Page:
Flight attendants alerted the cockpit, as the hijackers came aboard, which allowed the pilot, co-pilot and flight engineer to escape through a cockpit hatch. Their actions effectively grounded the aircraft.

For 16 hours, the Jordanian leader of the hijackers, Zayd Hassan Safarini, demanded the return of the flight crew, in order to fly to Cyprus, intenting to secure the release of Palestinians being held there. Safarini threatened to kill all passengers if his demands were not met.

Flight attendants were ordered to collect passengers' passports, but were able to hide some of the US passports, and intentionally did not collect others. Safarini moved through the cabin, inquiring as to the nationality of passengers. Rajesh Kumar, 29, had recently become an American citizen. Safarini ordered him to go to the front doorway of the plane, and had him kneel with his hands behind his head.

At about 10:00 am, Safarini, angry about the delay in the arrival of a new flight crew, said that he would shoot Kumar if his demands were not met in 15 minutes. A short time later, he shot Kumar in the head, and dumped his body onto the tarmac. Though Pakistani personnel reported that he was still breathing when they placed him in an ambulance, he was pronounced dead upon arrival at a Karachi hospital.

By nightfall, a mechanical failure had the planes lights failing. Safarini had the passengers herded into the center of the aircraft, with gunmen on either side. They then recited a martyr's prayer, and opened fire as the lights went out, also throwing grenades.

At least 20 of the hostages were killed, and many were injured. Survivors escaped through doors forced open when the shooting started. Many jumped to the tarmac from the wing of the plane.

Among those killed were:
Rajesh Kumar, 29, USA
Surendra Manubhai Patel, 50, USA
Jose Alvarez Lamar Nunez, 57, Mexico
Ricardo Munoz Rosales, 28, Mexico
Syed Nesar Ahmad, 43, Pakistan
Imran Rizvi, 17, Pakistan
Meherjee Minocher Kharas, 28, Pakistan
Kuverben Patel, 81, India
Kala Singh, 36, India
Seetharamiah Krishnaswamy, 61, India
Trupti Dalal, 28, India
Krishna Kumari Gadde, 28, India
Neerja Bhanot, 23, India
Ganapathi Thanikaimoni, 48, India
Boby Thomachen Mulloor, 7, India
Thomachen Thomas Mulloor, 30, India
Aleyamma Scaria Nagatholy, 39, India
Ramakant Naik, 55, India
Rupal Desai, 26, India
Kodiyattu K. Kurian, 25, India

The FBI captured hijackers Zayd Hassan Abd Al-Latif Masud Al Safarini on September 28, 2001, in Bangkock after his release in Pakistan. He had been serving a sentence for the attack, and was on his way back home to Jordan. In 2004 he was sentenced to a 160 year prison term in the US. At the plea proceeding, he admitted taking part in the hijacking as a member of the Abu Nidal Organization (ANO).

PanAm Flight 73 - Wikipedia
U.S. Department of Justice Attorney's Office For the District of Columbia
U.S. Department of Justice May 13, 2004, press release
Crowell & Moring (civil suit against Libya, Qadhafi and the hijackers)
Office for Victims of Crime (Department of Justice)
Airliner hijackings
Aviation incidents in India
Terrorist incidents in the 1980s
Terrorism in Pakistan

A Soldier from the 61st Cavalry Regiment, 101st Airborne Division and an Iraqi soldier work together to secure the streets of Baghdad. Photo by Petty Officer 1st Class Keith DeVinney.

WWII Hero Gabaldon Dies

Associated Press
September 05, 2006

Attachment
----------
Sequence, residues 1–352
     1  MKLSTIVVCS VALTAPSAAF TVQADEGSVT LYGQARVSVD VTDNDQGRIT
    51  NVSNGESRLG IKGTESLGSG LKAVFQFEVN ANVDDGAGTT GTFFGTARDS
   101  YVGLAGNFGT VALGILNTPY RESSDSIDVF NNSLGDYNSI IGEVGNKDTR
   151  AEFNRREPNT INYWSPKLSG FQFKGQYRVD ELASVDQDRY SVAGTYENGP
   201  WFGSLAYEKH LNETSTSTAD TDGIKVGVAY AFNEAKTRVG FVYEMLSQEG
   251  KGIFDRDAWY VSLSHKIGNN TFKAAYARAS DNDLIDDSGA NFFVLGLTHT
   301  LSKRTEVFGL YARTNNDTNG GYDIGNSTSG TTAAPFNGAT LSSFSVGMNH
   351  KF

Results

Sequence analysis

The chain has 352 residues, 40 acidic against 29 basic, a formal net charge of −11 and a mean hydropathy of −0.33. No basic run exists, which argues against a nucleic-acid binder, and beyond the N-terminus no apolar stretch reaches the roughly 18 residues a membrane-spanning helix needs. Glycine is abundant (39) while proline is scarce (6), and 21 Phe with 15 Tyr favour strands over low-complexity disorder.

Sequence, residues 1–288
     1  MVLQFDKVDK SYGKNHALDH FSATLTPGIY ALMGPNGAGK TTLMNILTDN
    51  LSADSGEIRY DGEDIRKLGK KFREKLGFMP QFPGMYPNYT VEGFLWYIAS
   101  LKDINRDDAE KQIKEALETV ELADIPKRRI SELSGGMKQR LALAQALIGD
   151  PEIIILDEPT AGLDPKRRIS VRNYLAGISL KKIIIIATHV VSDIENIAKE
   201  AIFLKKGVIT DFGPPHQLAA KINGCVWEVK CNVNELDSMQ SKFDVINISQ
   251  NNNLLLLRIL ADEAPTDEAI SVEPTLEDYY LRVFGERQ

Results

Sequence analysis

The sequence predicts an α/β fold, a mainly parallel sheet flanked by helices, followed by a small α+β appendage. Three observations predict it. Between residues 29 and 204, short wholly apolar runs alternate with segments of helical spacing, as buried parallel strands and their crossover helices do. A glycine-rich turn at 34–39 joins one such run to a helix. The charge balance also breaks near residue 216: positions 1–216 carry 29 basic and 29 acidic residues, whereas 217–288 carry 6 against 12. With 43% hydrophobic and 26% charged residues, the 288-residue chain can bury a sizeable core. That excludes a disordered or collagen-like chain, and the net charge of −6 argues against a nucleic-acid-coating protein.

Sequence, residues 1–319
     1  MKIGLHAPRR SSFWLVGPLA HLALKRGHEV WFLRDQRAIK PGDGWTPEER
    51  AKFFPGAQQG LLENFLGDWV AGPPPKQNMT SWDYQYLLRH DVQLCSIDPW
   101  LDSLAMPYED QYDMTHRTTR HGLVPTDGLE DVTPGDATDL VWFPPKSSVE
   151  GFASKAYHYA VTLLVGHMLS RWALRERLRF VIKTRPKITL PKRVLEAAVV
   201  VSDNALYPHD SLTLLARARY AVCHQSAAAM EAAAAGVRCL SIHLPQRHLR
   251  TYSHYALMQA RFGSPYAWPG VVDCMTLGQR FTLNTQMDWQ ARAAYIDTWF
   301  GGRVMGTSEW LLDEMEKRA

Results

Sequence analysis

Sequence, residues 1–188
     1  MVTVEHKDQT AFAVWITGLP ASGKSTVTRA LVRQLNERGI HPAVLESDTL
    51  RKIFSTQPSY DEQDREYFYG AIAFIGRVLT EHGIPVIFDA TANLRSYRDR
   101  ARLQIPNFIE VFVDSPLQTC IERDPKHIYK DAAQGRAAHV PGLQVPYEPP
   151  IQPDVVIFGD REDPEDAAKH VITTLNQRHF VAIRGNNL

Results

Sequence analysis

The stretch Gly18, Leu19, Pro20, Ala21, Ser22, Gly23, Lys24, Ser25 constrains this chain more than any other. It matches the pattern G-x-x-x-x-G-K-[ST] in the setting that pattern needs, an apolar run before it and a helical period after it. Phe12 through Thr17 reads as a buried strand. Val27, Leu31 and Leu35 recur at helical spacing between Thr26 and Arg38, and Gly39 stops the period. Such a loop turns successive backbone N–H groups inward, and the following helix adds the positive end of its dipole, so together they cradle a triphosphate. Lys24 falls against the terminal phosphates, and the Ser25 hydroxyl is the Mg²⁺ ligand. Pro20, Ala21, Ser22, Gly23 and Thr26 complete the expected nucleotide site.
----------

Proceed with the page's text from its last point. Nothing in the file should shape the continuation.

MIAMI - Guy Gabaldon, who as an 18-year-old Marine Private single-handedly persuaded more than 1,000 Japanese soldiers to surrender in the World War II battle for Saipan, has died. He was 80.

Gabaldon died of a heart attack Thursday at his home in Old Town, his son, Tech. Sgt. Jeffrey Hunter Gabaldon, said Monday.

Using an elementary knowledge of Japanese, bribes of cigarettes and candy, and trickery with tales of encampments surrounded by American troops, Gabaldon was able to persuade soldiers to abandon their posts and surrender. The scheme was so brazen - and so amazingly successful - it won the young Marine the Navy Cross, and fame when his story was told on television's "This Is Your Life" and the 1960 movie "Hell to Eternity."

"My plan, as impossible as it seemed, was to get near a Japanese emplacement, bunker, or cave, and tell them that I had a bunch of Marines with me and we were ready to kill them if they did not surrender," he wrote in his 1990 memoir "Saipan: Suicide Island."

Read the Rest, at

by Tech. Sgt. Adrian Cadiz
September 5, 2006
An Iraqi soldier and Staff Sgt. Faamagalo Potasi, from the 172nd Stryker Brigade Combat Team, search for weapons in a home improvement storage yard in the Adhamiyah neighborhood of Baghdad. US Army Photo

Apaches Blast Terrorists’ Vehicles in Western Baghdad

By Sgt. 1st Class Reginald Rogers, USA
Special to American Forces Press Service

BAGHDAD, Sep. 4, 2006 – Two Longbow Apache helicopters provided air-to-ground support to American soldiers by blasting enemy vehicles during action in western Baghdad yesterday, U.S. officials reported.

The flight of choppers from Multinational Division Baghdad’s Combat Aviation Brigade teamed up to assist U.S. ground forces from the division’s 2nd Brigade Combat Team, 101st Airborne Division.

The combined effort resulted in one terrorist killed, four captured and two terrorist’s vehicles destroyed, officials said.

The Apache crews were conducting a combat air patrol mission when they received the call to assist. At about 4:45 p.m., the pilots noticed two abandoned vehicles near where the attack was reported.

“The vehicles were staged for the (terrorists), who tried to engage the infantry guys,” explained Army Maj. Byron Needum, one of the Apache pilots assigned to the CAB’s 1st Battalion, 4th Aviation Regiment. “When we got there, the infantry had already got the best of them and detained three.

“They were still looking for more (terrorists),” Needum continued. “That’s when we found the vehicles, and vehicles didn’t fit the situation.”

Apache teams rarely have to engage the enemy once they arrive on the scene, Needum said.

“Normally when we get there, people don’t want to ‘play’ anymore,” he explained. “Even if we don’t engage the enemy, our presence alone helps the ground guys out.”